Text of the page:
Tuesday, October 10, 2006

Server.Transfer versus Response.Redirect in ASP

When sending a user to another page, most programmers in ASP use Response.Redirect. Response.Redirect sends a message to the browser, telling it to go to another page:
Server.Transfer is similar in that it sends a user to another page, but it has some distinct advantages and disadvantages.

First, the big drawback of Server.Transfer is that it can only send users to a page running on that server. You can't use Server.Transfer to send a user to an external site. Only Response.Redirect can do that.

Transferring to another page using Server.Transfer conservers server resources. The transfer takes place on the server instead of forcing the browser to redirect to a new page. This means fewer HTTP requests coming through and can make your applications run more efficiently.

Server.Transfer maintains the the original URL in the browser.

Server.Transfer has a second parameter — "preserveForm". If you set this to True, using a statement such as Server.Transfer("WebForm2.aspx", True), the existing query string and any form variables will still be available to the page you are transferring to. This technique is great for wizard-style input forms split over multiple pages.

Don't confuse Server.Transfer with Server.Execute, which executes the page and returns the results.

When the Server.Transfer method is called, execution of the first page is terminated and execution of the second page begins. If the first page has started writing to the response buffer, the second page appends to the buffer instead of replacing it. If buffering is on, then HTTP headers can be modified by the ASP file that it is transferred to. If buffering is off, the HTTP headers are not modifiable by the ASP file that it is transferred to, unless no content has been sent by ASP yet. Additionally, multiple transfers can be called in succession, thereby chaining pages together.

The only data transferred to a second ASP page are the ASP built-in objects and the ASP Error object values from the first request. Any variables declared by the first ASP page are not available in the second ASP page.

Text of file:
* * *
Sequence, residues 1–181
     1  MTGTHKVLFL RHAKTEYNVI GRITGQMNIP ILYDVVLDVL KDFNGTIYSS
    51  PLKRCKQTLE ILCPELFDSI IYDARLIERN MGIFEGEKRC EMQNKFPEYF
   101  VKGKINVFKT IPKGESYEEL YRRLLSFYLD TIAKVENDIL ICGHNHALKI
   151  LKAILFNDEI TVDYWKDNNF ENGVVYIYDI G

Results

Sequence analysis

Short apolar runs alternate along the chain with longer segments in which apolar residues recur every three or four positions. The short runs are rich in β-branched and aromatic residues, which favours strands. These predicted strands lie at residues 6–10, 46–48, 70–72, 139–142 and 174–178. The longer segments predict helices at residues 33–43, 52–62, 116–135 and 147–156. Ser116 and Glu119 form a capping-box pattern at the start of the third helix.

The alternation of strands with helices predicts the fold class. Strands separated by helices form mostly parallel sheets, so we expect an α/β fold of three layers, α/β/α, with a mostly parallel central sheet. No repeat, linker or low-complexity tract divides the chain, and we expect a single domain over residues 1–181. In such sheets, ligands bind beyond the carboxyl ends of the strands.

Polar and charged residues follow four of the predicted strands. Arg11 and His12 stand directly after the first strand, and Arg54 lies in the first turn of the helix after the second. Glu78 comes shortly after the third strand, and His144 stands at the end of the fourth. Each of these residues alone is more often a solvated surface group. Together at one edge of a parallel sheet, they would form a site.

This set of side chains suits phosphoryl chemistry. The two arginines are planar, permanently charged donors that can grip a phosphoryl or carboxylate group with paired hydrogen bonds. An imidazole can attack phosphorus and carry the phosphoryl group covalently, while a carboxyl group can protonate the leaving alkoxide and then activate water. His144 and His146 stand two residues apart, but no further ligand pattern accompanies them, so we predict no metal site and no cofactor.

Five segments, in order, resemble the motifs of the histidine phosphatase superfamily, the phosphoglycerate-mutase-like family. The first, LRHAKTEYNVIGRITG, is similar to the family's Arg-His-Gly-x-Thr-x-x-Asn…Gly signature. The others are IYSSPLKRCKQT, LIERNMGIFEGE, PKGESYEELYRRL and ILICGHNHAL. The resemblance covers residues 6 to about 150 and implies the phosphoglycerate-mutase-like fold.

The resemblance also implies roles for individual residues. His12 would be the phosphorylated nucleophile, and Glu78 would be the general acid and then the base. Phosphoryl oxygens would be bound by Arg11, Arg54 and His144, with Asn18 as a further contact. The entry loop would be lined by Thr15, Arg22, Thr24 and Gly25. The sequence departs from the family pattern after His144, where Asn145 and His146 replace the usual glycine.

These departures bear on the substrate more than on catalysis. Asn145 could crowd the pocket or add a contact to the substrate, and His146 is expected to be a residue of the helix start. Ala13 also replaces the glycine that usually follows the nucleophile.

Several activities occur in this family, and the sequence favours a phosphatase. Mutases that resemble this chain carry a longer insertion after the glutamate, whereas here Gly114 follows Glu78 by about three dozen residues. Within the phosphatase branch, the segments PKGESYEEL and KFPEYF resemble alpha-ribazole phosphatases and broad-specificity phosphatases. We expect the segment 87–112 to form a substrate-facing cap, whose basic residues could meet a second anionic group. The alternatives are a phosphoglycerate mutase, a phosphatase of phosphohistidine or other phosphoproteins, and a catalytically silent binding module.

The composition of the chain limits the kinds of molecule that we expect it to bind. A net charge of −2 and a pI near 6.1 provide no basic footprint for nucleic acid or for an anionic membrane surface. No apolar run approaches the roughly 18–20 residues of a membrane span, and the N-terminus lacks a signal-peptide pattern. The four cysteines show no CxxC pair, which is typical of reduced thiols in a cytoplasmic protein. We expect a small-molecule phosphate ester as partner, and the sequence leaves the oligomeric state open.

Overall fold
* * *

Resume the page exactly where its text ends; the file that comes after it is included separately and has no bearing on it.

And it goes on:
Server.Transfer has several advantages over Response.Redirect:
  • Because it saves a round trip between the server and the browser it's faster and reduces the load on the Web server.
  • The Response querystring and form collections are preserved during the transfer. As a result, you don't need to worry about reposting form and querystring data to the new page.
However, Server.Transfer does have a few disadvantages:
  • You can only use Server.Transfer to redirect to a page on the same Web server.
  • You can't pass a querystring to the new page. (However, remember that the querystring passed to the page executing the transfer will automatically be passed along to the new page.) If you try to pass a querystring to the new page, you will trigger an ASP error.
  • The browser is never notified of the new page, which can cause problems with relative links in some cases.
Caution! The last point is more important than you think! I've found that this last point can be a show-stopper for using Server.Transfer. If you use Server.Transfer to transfer execution to page in a different folder, all of your relative links will break. This includes any relative links to images, anchor tags, or style sheets on the page.


Anonymous said...

I know this is old but I'm trying to find information on the topic and your post is misleading.

Namely, you confuse ASP and ASP.NET. You start off the article with an ASP example and then go on to plagiarize (http://www.developer.com/net/asp/article.php/3299641) an article written for ASP.NET.

There are not two parameters for Server.Transfer in classic ASP. Only one. You cannot preserveForm.

Tsk tsk.

Anonymous said...

Thanks what u said is correct.